Is Crowdsourcing Suitable For Small Businesses?

Posted on November 18, 2011

If you’re trying to resolve a problem or produce a great piece of work, it’s logical the more individuals involved the better. In any given group, usually the best ideas will come to the fore and become even better with added ideas.

That, at the least, is the concept of crowdsourcing. It’s the notion that rather than depending on one person to come up with the answer to a predicament, you ought to put out an open call for help, then wait to see what the results are.

Crowdsourcing in Real Life Situations

Crowdsourcing can be applied in several situations. And there’s no doubt that in a lot of them, it really works.



As seen on Forbes, Mashable,

A perfect example is open source software. It has been crowdsourced for a long time. Because the underlying source code that makes up an open source package is available to anyone who wants to change it, it’s very easy for someone with a good idea and a bit of technical know how to make a difference.

Take for example, the open sourced browser Firefox. Unlike closed-source software like Microsoft’s Internet Explorer, developments to Firefox have been created, applied and subjected to testing by the crowd.

Was it worth it? Well, you decide, but in January this year, Firefox overtook Internet Explorer as Europe’s most widely used browser. A testament to the effectiveness of crowdsourcing? Well, maybe – although other factors – like Internet Explorer’s failure to adopt modern browsing standards could have helped.

Crowdsourcing for Consumer Research

Crowdsourcing isn’t just about software development. It can be employed on virtually any circumstance where you need work doing or a problem fixing.

A common use for crowdsourcing is market research. Instead of assuming you know what your customers want, or asking a small focus group to tell you the things they think, crowdsourcing lets you exlpore much deeper and much wider.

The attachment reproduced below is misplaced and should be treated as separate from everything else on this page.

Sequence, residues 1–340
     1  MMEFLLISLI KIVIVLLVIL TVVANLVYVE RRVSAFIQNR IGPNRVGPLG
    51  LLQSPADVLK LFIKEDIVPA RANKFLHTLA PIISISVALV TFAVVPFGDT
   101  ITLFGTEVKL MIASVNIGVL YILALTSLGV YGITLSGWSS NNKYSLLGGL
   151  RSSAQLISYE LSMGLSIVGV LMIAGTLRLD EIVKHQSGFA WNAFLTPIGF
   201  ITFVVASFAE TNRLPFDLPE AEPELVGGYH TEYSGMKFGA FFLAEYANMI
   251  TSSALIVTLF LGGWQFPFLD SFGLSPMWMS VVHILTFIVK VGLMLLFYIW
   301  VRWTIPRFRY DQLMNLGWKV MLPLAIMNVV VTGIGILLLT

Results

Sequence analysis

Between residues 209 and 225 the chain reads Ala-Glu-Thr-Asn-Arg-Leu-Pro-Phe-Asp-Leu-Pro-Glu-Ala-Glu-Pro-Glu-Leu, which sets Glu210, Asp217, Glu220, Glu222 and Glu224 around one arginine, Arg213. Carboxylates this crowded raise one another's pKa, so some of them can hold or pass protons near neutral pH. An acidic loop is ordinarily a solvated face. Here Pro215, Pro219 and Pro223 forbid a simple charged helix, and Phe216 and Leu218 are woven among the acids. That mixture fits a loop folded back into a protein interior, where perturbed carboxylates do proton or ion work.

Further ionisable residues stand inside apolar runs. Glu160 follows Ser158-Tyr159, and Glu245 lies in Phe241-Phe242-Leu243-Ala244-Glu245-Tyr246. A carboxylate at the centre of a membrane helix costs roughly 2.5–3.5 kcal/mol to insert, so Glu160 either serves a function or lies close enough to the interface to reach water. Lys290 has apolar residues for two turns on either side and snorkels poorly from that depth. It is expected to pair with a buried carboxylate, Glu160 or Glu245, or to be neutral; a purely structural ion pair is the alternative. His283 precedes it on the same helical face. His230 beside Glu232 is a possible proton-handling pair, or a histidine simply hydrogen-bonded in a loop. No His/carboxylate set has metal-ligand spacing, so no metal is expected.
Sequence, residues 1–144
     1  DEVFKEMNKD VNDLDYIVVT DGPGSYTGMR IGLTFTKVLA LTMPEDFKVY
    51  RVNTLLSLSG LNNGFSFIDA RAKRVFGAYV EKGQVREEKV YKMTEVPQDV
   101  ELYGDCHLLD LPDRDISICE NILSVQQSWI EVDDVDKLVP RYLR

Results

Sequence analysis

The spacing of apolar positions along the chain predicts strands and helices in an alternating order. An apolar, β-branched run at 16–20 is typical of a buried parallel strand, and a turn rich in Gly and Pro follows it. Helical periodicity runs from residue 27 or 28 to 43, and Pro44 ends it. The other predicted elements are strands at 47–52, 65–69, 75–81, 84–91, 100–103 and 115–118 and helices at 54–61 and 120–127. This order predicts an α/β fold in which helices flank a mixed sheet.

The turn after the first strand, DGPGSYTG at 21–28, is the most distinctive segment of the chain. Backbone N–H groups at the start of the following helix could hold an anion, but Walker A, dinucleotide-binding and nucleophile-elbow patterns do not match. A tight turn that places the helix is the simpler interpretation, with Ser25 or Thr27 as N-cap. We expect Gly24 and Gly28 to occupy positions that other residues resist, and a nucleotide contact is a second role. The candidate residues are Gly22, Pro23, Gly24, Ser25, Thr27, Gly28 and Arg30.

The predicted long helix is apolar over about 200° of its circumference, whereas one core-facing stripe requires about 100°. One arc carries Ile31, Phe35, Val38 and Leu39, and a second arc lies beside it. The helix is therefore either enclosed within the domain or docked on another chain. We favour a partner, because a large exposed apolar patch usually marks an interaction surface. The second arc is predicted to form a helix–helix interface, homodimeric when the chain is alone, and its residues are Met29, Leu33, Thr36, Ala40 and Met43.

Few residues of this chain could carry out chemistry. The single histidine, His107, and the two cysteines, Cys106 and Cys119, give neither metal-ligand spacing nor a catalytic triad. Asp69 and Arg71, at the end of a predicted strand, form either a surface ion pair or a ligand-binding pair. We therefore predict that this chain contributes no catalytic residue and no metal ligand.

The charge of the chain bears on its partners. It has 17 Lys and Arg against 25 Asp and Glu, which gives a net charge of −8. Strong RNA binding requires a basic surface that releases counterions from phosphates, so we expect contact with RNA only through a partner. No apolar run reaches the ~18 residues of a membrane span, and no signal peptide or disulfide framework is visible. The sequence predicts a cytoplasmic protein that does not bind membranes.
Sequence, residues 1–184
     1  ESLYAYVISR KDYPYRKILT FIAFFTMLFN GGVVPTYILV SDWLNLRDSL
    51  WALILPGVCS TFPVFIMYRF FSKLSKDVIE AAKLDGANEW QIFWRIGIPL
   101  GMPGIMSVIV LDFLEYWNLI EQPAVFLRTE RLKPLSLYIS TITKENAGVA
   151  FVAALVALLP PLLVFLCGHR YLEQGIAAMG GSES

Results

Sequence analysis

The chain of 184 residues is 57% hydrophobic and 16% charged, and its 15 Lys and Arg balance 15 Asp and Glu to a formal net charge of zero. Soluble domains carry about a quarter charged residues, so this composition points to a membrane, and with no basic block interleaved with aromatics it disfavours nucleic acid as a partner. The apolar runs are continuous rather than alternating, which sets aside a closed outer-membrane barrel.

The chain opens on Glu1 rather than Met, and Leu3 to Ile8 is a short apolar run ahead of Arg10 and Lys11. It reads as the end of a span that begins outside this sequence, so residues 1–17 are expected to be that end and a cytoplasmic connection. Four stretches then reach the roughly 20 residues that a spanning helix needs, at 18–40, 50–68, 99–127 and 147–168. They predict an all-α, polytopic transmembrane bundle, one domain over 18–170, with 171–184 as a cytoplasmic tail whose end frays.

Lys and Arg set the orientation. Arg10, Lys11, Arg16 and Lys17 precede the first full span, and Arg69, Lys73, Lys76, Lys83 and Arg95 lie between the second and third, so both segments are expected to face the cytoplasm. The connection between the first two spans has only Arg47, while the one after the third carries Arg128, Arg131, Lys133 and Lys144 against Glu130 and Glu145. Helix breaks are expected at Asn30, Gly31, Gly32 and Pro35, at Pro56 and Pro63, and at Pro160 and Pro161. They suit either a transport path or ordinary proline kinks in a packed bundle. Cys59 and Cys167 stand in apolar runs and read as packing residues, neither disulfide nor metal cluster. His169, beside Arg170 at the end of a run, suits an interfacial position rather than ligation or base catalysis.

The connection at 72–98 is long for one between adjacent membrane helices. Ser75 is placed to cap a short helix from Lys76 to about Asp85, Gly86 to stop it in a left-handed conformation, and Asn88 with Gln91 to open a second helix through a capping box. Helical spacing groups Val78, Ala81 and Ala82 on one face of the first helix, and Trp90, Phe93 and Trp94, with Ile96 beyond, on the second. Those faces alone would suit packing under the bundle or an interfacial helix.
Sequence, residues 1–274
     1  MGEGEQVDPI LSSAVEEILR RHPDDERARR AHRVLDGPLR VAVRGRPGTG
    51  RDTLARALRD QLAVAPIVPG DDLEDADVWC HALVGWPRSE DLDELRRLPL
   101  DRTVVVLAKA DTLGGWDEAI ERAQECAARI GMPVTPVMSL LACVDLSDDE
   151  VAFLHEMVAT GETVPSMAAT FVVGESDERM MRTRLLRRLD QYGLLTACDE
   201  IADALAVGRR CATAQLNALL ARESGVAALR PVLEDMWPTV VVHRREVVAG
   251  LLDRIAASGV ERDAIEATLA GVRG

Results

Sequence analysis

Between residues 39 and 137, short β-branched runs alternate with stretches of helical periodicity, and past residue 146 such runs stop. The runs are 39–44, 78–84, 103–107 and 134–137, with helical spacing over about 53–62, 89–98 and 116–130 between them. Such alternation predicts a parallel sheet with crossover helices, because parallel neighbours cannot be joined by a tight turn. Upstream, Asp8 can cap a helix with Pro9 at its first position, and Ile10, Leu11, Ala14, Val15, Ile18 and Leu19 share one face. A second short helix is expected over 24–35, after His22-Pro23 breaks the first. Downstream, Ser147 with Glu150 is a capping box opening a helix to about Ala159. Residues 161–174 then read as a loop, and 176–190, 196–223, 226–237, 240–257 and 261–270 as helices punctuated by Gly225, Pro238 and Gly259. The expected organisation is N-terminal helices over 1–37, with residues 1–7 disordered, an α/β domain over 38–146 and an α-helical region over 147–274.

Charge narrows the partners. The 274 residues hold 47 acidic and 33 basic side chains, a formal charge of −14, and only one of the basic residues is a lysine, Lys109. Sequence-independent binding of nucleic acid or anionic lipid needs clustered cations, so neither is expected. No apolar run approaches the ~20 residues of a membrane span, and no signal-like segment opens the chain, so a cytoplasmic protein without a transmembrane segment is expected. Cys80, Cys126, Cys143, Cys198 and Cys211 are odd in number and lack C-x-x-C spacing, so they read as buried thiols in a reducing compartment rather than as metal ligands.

Take Dell for example and what they did with their IdeaStorm project. Open up a website which makes it easy for people to submit, discuss and vote on ideas, then see what goes on. You never know what will emerge.

Supposedly, ideas gleaned from IdeaStorm led the computing giant to introduce light-up keys to its laptops and encouraged it to provide more colour choices to laptop buyers. Could crowdsourcing ideas lead to improvements in your products too?

Clearly, IdeaStorm has worked well for Dell, using its ample marketing budget, plus its ability to generate publicity for such a large-scale effort. But not every single company is able to create the critical mass required for such a project to bear fruit.

Graphic Design by Crowdsourcing

Small establishments enthusiastic about crowdsourcing might need to find different ways to make it work for them. An obvious option is graphic design. Why pay one logo designer to create a logo for your company, when you could crowdsource designs from a huge selection of designers on a website like 99Designs?

Here’s the way it works: you publish a brief for whatever you want designed. Then designers ‘compete’ to create the best design. For the business commissioning the task, the advantage is clear: they are able to choose from hundreds of possible options, but only have to pick and pay for one.

It sounds far too good to be true. And when you dig a little further, perhaps it really is. Will a designer who knows they probably won’t even get paid at the end of it genuinely give their all? Will they bother to invest time and energy understanding your business and its objectives, to generate a design that meets them?

In fact, will the very best designers really bother creating designs for crowdsourced projects at all?

Use Crowdsourcing Sparingly

The truth about crowdsourcing is that it’s unlikely to alter how you do things. But it can be quite a useful tool while looking for information, feedback and inspiration.

Just be wary. Crowdsourcing can promote superficiality. For example, without certain reward, you can’t expect individuals to put a whole lot of effort into helping your crowdsourcing project – particularly when you’re asking them to do something which is their livelihood.

For jobs which demand a high level of commitment – like redesigning your website, or developing a new product – crowdsourcing may not be the answer. But when you’re seeking opinions, feedback or advice, it usually is an excellent place to start.

2 Replies to "Is Crowdsourcing Suitable For Small Businesses?"

  • Pricing Prophets
    November 21, 2011 (6:06 am)

    You can now crowd-source your pricing! At, you can ask a panel of global pricing experts and thought-leaders what price you should charge for a product or service, and why.

    • Helen Clough
      November 21, 2011 (8:08 am)

      I’ve not heard of that, but it’s definitely a useful tool for product lead businesses, thanks!

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